woman? Runyan couldn't tell. Only when Rahn Sheffield, her
former coach at San Diego State, shouted a delirious, "Marla!"
did the legally blind Runyan know it was safe to start hugging.
Runyan was born with macular degeneration of the retina, a
condition that left her with only limited ability to see details
such as faces and numbers. "What's in front of me disappears
into a hole," she says. When Runyan races, she anticipates who
her stiffest competitors will be--in Winnipeg she figured they
would be Cindy O'Krane and Leah Pells of Canada--and memorizes
their uniform colors and other distinguishing features, such as
hairstyles. "What made this one easier," Runyan said of the Pan
Am race, "was that Cindy had a ponytail and Leah didn't."
Runyan stayed within striking distance of Pells, who led for
most of the last 600 meters. In the final strides, however,
Runyan threw her torso forward and edged Pells at the wire. Both
runners were timed in 4:16.86.
Runyan, 30, began her career as a multi-eventer but became a
middle-distance specialist after setting a U.S. heptathlon
record of 2:04.70 in the 800 meters at the 1996 Olympic trials.
She moved to Eugene, Ore., where she works with deaf and blind
children, helping them find ways to communicate. After two
injury-plagued years, she placed fourth in the 1,500 at the '99
nationals in June. Since two of the three runners who finished
ahead of her have yet to run under the 4:08 qualifying standard
for the world championships--Runyan ran 4:06.42 at a meet in
Brunswick, Maine, four weeks ago--she will most likely make her
European debut at the worlds later this month in Seville, Spain.
"At times I wish I could watch meets as a spectator," she says.
"I'd like to see what I'm missing." Indeed, her 1,500 at the Pan
Ams was quite a sight.
Pan Am Dispatches
DON'T MESS WITH ANTHEMS
Athletes were miffed at Pan Am organizers, who saved time during
the Games with a foolish edict called "anthem control." Before
team events and during award presentations, national anthems
were limited to 45 seconds, except for that of the host
nation.... Teri and Jason Tunks, who are married, won bronze
medals in track and field for different countries. Teri
represented the U.S. in the shot put; Jason threw the discus for
Canada. The two met three years ago when Teri accidentally hit
Jason with a throw.... Though security had been unobtrusive in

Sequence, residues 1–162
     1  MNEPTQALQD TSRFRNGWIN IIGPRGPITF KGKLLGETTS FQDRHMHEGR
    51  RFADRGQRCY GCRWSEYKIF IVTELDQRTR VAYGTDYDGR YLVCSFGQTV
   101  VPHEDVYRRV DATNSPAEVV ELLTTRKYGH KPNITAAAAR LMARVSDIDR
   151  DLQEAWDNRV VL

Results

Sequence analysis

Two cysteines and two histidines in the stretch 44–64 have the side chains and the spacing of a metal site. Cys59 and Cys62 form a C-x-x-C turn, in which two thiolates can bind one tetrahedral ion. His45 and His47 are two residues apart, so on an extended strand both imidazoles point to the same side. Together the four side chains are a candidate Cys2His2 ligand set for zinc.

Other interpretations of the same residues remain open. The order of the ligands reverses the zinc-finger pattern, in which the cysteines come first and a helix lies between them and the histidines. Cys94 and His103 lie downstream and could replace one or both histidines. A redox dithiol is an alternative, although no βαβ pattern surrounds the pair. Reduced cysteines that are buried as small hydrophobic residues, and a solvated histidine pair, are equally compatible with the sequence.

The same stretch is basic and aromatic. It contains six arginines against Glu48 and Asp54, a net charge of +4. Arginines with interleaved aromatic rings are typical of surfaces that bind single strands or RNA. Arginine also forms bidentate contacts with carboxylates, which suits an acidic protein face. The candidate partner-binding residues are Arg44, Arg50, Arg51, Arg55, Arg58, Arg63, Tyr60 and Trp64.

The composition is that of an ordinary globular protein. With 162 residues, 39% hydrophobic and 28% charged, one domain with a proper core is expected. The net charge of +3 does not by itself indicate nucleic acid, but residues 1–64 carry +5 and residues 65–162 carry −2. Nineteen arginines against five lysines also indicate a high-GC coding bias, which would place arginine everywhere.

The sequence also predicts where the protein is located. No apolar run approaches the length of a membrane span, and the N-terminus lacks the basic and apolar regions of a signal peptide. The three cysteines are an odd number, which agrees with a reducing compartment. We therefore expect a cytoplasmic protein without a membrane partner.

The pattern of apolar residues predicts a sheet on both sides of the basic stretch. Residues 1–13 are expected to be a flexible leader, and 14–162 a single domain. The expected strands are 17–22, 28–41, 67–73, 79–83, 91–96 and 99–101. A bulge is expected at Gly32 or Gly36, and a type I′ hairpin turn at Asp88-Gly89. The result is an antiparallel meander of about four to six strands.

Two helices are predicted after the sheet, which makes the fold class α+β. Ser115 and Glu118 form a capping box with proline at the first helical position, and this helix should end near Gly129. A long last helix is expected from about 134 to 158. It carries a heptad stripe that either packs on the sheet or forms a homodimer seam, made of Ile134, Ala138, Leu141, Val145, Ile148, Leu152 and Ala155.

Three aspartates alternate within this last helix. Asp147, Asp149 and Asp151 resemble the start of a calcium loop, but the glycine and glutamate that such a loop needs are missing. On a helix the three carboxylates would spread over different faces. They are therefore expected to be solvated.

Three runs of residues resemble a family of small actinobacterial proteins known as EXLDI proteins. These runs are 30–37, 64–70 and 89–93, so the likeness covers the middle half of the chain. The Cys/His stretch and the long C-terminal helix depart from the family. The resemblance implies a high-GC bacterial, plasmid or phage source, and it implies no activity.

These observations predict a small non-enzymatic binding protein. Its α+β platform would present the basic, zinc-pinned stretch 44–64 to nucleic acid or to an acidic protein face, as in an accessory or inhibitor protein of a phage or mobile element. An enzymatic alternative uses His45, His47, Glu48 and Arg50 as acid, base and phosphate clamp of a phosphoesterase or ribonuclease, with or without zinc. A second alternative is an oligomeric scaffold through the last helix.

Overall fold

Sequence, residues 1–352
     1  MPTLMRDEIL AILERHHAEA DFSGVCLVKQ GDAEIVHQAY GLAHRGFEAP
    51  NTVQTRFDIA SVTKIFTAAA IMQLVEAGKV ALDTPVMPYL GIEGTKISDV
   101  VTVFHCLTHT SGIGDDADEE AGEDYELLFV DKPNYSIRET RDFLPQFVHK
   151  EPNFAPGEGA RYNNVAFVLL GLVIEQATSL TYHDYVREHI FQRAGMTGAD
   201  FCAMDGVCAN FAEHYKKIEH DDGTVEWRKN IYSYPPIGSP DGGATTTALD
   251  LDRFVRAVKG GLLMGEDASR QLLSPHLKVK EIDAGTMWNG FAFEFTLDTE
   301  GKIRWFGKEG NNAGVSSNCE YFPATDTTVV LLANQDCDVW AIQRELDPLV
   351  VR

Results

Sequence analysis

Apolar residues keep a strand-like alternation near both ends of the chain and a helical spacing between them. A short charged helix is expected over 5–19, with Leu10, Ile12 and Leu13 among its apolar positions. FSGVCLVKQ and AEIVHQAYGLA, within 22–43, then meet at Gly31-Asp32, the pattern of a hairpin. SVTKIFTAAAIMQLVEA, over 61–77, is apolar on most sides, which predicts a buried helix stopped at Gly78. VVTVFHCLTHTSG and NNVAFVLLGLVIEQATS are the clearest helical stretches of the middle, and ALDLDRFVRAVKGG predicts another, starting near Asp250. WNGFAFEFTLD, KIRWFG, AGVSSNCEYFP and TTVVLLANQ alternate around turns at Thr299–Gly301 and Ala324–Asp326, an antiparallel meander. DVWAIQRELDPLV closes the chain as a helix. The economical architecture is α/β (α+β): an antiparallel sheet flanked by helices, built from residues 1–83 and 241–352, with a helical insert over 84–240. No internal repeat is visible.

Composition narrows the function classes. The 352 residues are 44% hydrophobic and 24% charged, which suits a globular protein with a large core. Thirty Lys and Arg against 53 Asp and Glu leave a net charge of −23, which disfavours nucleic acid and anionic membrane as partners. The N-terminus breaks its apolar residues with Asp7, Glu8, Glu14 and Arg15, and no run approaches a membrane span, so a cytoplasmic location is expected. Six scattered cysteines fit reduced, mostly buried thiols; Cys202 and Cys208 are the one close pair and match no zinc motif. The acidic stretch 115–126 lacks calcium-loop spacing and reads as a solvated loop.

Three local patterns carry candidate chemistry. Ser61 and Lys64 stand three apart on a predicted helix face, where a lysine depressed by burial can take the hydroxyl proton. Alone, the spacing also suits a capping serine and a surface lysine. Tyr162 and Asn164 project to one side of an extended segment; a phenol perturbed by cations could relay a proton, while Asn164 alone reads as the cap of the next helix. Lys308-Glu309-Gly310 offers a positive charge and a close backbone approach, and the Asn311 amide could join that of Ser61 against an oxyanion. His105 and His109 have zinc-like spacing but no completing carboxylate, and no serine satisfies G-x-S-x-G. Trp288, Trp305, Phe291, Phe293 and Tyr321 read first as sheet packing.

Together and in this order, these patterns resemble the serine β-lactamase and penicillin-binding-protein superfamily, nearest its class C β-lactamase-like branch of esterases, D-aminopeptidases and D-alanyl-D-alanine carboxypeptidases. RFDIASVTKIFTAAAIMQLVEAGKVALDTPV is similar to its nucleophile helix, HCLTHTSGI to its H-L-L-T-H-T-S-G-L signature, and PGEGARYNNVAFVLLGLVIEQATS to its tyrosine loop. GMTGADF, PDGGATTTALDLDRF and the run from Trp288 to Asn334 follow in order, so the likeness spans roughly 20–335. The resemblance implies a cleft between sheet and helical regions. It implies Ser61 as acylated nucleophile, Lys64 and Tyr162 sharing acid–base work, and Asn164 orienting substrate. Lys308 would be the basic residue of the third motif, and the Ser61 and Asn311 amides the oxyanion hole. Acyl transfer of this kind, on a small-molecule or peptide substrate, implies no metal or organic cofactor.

Winnipeg, volunteers at several venues began randomly searching
bags for contraband as the Games headed into its final week.
Were they looking for drugs? Guns? Political leaflets? No,
Pepsi. Bringing in Coke, the official soft drink of the Pan Ams,
was perfectly acceptable.
These are the events at the Pan Am Games that determine, or help
determine, qualifiers for the 2000 Olympics.
Badminton Players earn points as part of season-long
process to select qualifiers.
Baseball Top two teams go to Sydney (Cuba and the U.S.)
Equestrian Show Top three teams, excluding Brazil, which has
Jumping already qualified, go to Sydney (U.S. competes
Equestrian Top two teams go to Sydney (Brazil and the U.S.)
Field Hockey Winner qualifies; silver medalist advances to
tournament next March for another chance to
qualify (U.S. men were eliminated; women
still have chance to qualify)
Rhythmic Top 19 of 24 individual Olympic slots will be
Gymnastics determined at world championships next month;
the last five berths will be awarded after that
based on performances at regional competitions
such as Pan Ams
Shooting Competitors earn quota spots for their countries
based on scores at regional events such as Pan Ams
Softball Top team, excluding U.S., which qualified by
winning '98 world championship, goes to Sydney
Team Handball Gold medalists advance (U.S. men and women
play this weekend)
Triathlon Number of berths, up to three per country,
determined by results at Pan Ams (U.S. qualified
three men and three women)
Water Polo Men's gold medalist goes to Sydney (U.S.);
remaining teams can earn berth at either of two